Vice President Biden’s Turn to Host Vice President Xi of China in the U.S.

Vice President Joe Biden with Chinese Vice President Xi and former Secretary of State Henry Kissinger

Vice President Joe Biden talks with Chinese Vice President Xi and former Secretary of State Henry Kissinger during a luncheon at the State Department, in Washington, DC, February 14, 2012. (Official White House Photo by David Lienemann)

Yesterday, at the invitation of Vice President Biden, Vice President Xi Jinping of the People’s Republic of China spent the morning at the White House for a series of meetings with President Obama, Vice President Biden, and other Administration officials. Vice President Xi’s visit to the United States this week – which includes stops in Washington, D.C., Iowa and California – is the second of the planned reciprocal visits between the Vice Presidents announced by President Obama and Chinese President Hu Jintao during President Hu’s state visit to Washington last year. 

Welcoming Vice President Xi to the Roosevelt Room in the West Wing of the White House, Vice President Biden reflected on his four-day visit to China last August. “As we discussed in my visit to China, this bilateral relationship is one of the most important in the world… important not only to both our countries but to the world at large,” he said. 

From the White House, the Vice Presidents continued on to the State Department for a lunch in Vice President Xi’s honor, co-hosted by Secretary Clinton. Over 200 guests enjoyed Asian-inspired dishes prepared by acclaimed Chinese-American chef Ming Tsai. 

“Few other nations in history have come so far, so fast, and it’s a great credit to the talent and industriousness of the Chinese people,” Vice President Biden said in his remarks.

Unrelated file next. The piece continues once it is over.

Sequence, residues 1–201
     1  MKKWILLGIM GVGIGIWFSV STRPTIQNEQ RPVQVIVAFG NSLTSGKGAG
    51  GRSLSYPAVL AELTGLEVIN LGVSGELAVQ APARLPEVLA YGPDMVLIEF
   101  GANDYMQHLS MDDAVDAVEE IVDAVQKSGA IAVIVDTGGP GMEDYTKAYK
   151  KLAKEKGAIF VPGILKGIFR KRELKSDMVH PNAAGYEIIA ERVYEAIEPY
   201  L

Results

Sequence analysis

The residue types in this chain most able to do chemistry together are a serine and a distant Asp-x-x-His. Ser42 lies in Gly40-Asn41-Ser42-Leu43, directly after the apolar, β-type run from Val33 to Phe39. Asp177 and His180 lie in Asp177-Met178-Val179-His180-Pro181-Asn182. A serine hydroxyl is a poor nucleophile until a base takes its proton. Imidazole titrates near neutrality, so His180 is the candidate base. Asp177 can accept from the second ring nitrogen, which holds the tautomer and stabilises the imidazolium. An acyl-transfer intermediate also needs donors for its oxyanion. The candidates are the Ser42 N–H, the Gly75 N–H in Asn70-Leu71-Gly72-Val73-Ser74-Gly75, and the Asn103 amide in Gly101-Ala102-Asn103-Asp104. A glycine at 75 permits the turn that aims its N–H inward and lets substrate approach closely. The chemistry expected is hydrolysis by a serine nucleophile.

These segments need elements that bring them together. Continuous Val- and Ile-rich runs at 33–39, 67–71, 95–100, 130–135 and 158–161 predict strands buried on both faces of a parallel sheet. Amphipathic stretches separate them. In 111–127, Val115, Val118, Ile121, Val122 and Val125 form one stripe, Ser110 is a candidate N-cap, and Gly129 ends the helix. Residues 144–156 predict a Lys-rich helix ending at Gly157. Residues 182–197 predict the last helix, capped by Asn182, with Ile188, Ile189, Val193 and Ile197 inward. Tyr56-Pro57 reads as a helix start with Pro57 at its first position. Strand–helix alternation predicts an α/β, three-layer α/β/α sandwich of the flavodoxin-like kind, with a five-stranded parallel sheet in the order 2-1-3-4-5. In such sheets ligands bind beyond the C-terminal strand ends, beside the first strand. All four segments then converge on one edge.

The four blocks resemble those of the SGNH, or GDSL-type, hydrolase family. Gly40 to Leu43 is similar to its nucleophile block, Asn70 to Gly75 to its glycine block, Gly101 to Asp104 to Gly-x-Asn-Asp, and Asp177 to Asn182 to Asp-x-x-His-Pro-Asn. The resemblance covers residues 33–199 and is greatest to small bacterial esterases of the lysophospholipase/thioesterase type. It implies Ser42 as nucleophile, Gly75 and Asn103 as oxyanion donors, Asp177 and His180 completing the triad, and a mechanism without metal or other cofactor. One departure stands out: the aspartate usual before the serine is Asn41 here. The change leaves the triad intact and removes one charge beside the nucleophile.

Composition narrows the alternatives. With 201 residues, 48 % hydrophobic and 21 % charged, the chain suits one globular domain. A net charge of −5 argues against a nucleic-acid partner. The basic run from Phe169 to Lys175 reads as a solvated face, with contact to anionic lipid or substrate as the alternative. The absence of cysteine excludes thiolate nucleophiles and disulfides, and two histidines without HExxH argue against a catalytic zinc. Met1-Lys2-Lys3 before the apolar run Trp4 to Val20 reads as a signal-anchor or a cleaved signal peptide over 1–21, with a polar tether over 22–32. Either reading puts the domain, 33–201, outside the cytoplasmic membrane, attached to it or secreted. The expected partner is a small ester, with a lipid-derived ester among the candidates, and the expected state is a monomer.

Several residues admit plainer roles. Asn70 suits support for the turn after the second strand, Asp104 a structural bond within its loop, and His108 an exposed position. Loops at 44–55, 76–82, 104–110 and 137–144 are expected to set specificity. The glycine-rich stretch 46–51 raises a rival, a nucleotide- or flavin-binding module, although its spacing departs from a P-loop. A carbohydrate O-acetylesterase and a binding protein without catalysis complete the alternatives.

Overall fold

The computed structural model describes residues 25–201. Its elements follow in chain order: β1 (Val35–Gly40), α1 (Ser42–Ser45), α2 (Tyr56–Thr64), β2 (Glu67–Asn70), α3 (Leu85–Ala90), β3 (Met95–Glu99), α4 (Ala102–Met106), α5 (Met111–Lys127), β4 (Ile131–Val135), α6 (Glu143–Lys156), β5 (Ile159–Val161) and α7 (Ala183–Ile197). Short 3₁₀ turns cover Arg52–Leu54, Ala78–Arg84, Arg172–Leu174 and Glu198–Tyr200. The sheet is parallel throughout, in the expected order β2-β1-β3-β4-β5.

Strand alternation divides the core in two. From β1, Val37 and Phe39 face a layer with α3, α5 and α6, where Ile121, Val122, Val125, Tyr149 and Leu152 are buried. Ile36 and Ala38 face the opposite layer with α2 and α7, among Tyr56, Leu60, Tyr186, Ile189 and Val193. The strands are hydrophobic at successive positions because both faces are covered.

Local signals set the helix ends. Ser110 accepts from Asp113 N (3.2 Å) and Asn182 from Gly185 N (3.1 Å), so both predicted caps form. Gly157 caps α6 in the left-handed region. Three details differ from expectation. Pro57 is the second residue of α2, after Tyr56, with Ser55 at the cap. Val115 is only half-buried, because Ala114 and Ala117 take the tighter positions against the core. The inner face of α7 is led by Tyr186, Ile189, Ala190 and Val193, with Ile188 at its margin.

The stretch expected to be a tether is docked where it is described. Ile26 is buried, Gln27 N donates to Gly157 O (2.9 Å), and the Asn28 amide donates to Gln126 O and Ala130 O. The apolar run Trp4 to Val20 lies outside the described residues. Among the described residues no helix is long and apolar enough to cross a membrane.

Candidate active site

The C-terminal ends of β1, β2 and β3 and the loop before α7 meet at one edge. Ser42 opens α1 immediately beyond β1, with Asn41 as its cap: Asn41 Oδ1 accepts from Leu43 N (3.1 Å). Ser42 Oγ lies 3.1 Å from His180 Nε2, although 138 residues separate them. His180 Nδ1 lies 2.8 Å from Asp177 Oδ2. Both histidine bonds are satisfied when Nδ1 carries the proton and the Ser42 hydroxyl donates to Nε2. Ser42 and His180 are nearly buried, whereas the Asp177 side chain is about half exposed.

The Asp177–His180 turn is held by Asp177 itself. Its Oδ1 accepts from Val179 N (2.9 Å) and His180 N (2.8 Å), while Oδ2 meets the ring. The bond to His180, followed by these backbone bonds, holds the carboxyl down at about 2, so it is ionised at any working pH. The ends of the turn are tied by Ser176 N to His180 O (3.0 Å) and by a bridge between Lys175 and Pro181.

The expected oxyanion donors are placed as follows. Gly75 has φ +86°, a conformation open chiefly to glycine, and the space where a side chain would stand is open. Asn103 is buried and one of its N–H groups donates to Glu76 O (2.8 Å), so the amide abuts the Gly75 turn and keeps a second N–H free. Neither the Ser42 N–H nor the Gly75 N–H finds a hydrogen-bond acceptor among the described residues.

Raising the important issue of human rights, Vice President Biden said that while the U.S. and China “will not always see eye to eye, it is a sign of the strength and maturity of our relationship that we can be candid about our differences as we have been. … We see our advocacy for human rights as a fundamental aspect of our foreign policy and a key to the prosperity and stability of all societies.  We have been clear about our concern over the areas in which from our perspective conditions in China have deteriorated and about the plight of several very prominent individuals.” 

Following Vice President Xi’s meeting at the Pentagon, the Vice Presidents reconnected across from the White House at the U.S. Chamber of Commerce for a U.S.-China Business Roundtable. The Vice Presidents participated in a similar event in Beijing last August. Leaders from more than 20 American and Chinese companies were in attendance– a group that, as the Vice President noted, demonstrated “how important U.S.-China economic and trade relationships are for both our nations.” 

“Even as our nations cooperate…we will continue to compete,” said Vice President Biden. “But competition can only be mutually beneficial if the rules of the game are understood, agreed upon and followed.”  

Capping the day was a formal dinner for Vice President Xi and the official Chinese delegation at the Naval Observatory, hosted by the Vice President and Dr. Biden. Vice President Xi was greeted by a military honor cordon lining the driveway of the Vice President’s residence. Following dinner, guests were treated to a performance by award-winning violinist Joshua Bell and pianist Sam Haywood.

Vice President Joe Biden and Chinese Vice President Xi at the Naval Observatory Residence

Vice President Joe Biden talks with Chinese Vice President Xi in the library at the Naval Observatory Residence, February 14, 2012. (Official White House Photo by David Lienemann)

Joshua Bell and Sam Haywood perform at the Naval Observatory Residence

Joshua Bell and Sam Haywood perform at a dinner hosted by Vice President Joe Biden and Dr. Jill Biden for Chinese Vice President Xi, at the Naval Observatory Residence, February 14, 2012. (Official White House Photo by David Lienemann)

Amy Dudley is Deputy Press Secretary for the Vice President.
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